‘I don’t have 55 cents to give away let alone $55,000′: Woman, lawsuit claims homebuyer’s contract wasn’t upheld

Published: Mar. 8, 2023 at 5:12 PM EST|Updated: Mar. 8, 2023 at 10:27 PM EST
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HORRY COUNTY, S.C. (WMBF) - It’s the American dream: finding a place to call home.

Olivia Anderson said for her, it was an easy decision.

“Pretty much threw a dart at the map and ended up in Florence and rented an apartment there. And I was there for just a few weeks when I said, ‘OK I need to get out of this apartment and find a house.’ I found Loris, loved it, it’s right near Myrtle Beach. I love Myrtle Beach but it [Loris] is absent all of the tourists,” said Anderson, who came to South Carolina from Florida for retirement.

With some research, Anderson landed on a property in Loris in late 2021. She said she found it listed online and got connected with a real estate agent.

A few days later, she said she met that agent at the property.

”I came over and I loved it. I thought it was a very nice property. I liked the water behind it. I liked the size of the lot, and I told him, ‘Sure, I wanted to proceed.’ He told me to meet him at his office and he said he would have the builder there,” Anderson said.

Anderson told WMBF News, that what happened at the meeting, led her to file a lawsuit seven months later.

The lawsuit names several defendants including the real estate agent, Seven Suns Enterprises LLC, and the man Anderson referred to as the builder, Lucas Board.

Board isn’t a builder though, as he is not licensed with the Residential Builder’s Commission according to the South Carolina Department of Labor Licensing and Regulation.

WMBF News emailed the SCLLR to get his contractor’s license but found out he has a mechanical contractor’s license with the classification of plumbing. He also has a plumbing company, Lucas Board Plumbing.

Anderson said she didn’t know that at the time, and at the meeting she signed a homebuyer’s contract.

The contract is referenced several times in the lawsuit and it’s something her lawyer, Tom Winslow, said he’s very familiar with.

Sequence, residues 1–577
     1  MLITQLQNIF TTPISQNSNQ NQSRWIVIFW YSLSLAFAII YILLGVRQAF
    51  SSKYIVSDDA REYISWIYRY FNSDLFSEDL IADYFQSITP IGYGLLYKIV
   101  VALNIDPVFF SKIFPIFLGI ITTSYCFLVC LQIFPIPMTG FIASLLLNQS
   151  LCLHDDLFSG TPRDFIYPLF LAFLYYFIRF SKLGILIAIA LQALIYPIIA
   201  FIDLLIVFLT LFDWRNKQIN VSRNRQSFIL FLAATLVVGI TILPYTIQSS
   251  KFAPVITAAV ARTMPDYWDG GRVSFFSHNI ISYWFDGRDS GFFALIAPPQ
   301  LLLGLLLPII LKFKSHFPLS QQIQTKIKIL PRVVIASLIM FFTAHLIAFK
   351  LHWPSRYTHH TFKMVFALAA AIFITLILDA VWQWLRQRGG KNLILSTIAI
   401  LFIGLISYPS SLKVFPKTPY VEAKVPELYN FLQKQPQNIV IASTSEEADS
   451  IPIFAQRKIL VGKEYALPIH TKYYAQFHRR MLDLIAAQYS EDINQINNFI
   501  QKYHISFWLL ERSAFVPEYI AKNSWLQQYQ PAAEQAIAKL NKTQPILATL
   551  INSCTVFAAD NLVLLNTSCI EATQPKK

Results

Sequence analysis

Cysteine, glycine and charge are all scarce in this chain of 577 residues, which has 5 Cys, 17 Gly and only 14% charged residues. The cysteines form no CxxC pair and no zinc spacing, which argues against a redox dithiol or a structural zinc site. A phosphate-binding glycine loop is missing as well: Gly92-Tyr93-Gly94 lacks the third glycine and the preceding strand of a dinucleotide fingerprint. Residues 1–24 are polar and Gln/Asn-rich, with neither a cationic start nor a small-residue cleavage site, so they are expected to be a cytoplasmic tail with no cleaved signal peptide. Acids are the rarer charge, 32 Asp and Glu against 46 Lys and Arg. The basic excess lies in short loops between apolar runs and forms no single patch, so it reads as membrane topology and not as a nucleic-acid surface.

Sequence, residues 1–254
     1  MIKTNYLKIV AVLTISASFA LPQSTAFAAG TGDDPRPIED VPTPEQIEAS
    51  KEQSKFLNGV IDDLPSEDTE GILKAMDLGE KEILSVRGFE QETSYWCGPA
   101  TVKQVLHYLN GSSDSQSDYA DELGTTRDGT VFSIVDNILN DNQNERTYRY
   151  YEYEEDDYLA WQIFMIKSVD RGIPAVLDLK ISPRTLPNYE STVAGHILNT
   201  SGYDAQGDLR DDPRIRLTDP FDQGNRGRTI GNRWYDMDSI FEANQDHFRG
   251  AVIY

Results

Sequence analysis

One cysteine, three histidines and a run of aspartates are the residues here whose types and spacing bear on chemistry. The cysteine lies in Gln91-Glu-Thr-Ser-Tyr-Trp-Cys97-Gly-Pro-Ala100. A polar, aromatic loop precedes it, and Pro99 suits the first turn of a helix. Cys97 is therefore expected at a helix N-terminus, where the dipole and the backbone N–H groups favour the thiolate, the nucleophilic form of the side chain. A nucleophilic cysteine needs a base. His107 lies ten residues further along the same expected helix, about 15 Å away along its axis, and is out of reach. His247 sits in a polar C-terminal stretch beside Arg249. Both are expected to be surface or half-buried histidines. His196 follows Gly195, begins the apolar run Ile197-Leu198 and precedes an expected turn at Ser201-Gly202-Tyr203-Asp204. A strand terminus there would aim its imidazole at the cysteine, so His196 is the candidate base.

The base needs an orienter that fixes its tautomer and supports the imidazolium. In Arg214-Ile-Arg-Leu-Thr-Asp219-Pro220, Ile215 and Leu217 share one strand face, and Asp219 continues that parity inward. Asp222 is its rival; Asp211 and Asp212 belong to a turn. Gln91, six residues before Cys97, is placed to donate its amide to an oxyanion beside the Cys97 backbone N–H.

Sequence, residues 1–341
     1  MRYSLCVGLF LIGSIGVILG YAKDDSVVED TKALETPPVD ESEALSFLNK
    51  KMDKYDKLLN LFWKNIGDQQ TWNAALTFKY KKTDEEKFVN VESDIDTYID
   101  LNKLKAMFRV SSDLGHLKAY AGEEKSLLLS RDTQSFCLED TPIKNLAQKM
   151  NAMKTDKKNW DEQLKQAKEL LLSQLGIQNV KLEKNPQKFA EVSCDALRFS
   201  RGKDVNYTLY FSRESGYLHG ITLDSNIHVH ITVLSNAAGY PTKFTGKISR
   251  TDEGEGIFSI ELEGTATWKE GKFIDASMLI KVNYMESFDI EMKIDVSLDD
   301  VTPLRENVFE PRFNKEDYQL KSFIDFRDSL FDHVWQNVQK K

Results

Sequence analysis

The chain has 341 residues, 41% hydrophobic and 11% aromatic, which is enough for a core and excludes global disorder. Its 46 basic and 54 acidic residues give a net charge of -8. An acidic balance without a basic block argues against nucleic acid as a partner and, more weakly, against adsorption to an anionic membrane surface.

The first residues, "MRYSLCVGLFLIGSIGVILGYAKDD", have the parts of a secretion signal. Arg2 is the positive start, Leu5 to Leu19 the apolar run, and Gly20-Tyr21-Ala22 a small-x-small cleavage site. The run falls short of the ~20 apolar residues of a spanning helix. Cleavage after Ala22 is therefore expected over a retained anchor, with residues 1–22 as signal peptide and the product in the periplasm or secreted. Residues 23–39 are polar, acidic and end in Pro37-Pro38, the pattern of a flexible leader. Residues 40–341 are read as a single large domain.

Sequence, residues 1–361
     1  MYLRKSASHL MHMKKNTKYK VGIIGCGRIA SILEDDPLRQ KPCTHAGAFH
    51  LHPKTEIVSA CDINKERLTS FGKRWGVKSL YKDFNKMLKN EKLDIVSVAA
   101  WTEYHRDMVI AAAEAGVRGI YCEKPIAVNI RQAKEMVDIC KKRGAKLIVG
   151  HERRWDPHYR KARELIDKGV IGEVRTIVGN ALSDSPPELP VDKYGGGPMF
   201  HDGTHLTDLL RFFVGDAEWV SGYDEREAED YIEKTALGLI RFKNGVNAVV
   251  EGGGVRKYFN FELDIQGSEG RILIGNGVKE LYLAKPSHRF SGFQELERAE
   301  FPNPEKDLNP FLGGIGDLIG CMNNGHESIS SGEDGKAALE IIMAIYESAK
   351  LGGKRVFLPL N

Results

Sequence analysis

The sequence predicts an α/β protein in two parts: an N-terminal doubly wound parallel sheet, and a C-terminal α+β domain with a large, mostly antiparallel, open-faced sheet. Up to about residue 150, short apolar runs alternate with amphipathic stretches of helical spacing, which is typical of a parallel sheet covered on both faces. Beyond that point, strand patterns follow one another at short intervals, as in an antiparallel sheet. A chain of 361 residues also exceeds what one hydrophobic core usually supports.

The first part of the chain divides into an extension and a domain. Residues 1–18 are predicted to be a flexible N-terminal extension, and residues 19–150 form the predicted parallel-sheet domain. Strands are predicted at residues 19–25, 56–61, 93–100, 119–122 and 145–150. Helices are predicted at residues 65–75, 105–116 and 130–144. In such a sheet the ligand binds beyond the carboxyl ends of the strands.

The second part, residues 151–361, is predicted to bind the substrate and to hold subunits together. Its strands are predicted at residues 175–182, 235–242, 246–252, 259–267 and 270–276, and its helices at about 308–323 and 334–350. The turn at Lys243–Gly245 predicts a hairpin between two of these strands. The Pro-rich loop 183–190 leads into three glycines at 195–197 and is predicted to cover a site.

“She trusted what was given to her. And that was a contract to build on this land that she thought she would call home,” Winslow explained.

One line of the lawsuit Winslow filed on Anderson’s behalf states, “the defendants induced the plaintiff to sign the contract and pay $55,000.”

The lawsuit also acknowledges that there are some inconsistencies

On the line that shows “contractor” on the contract, the LLC Seven Suns Enterprises is listed.

But all the other initials are L-B, which stands for Lucas Board.

Board does not represent Seven Suns Enterprises, according to the SCLLR.

The contract goes on to state that by signing, Anderson agreed to pay 20% of the cost of the land and the new house, which totaled $55,000. She paid with a personal check.

“I asked, ‘Who do I make it payable to?’ Lucas Board said. ‘Leave it blank, I have a stamp.’ Well after the check cleared my bank, I went into my bank account and saw Lucas Board made the check payable to himself,” Anderson said.

WMBF News obtained a copy of the cashed check which shows a stamp was not used on the payee line.

”I didn’t think a lot of it, thought maybe that’s how they do it here in South Carolina. So around February or March, I came over just to see the progress of the house, and it was nothing,” Anderson said.

She said that’s when she became anxious. The settlement date listed on the contract was May 1, 2022.

”I knew there was no way they could have a house built by April or May, that’s why I asked for my money back,” Anderson said.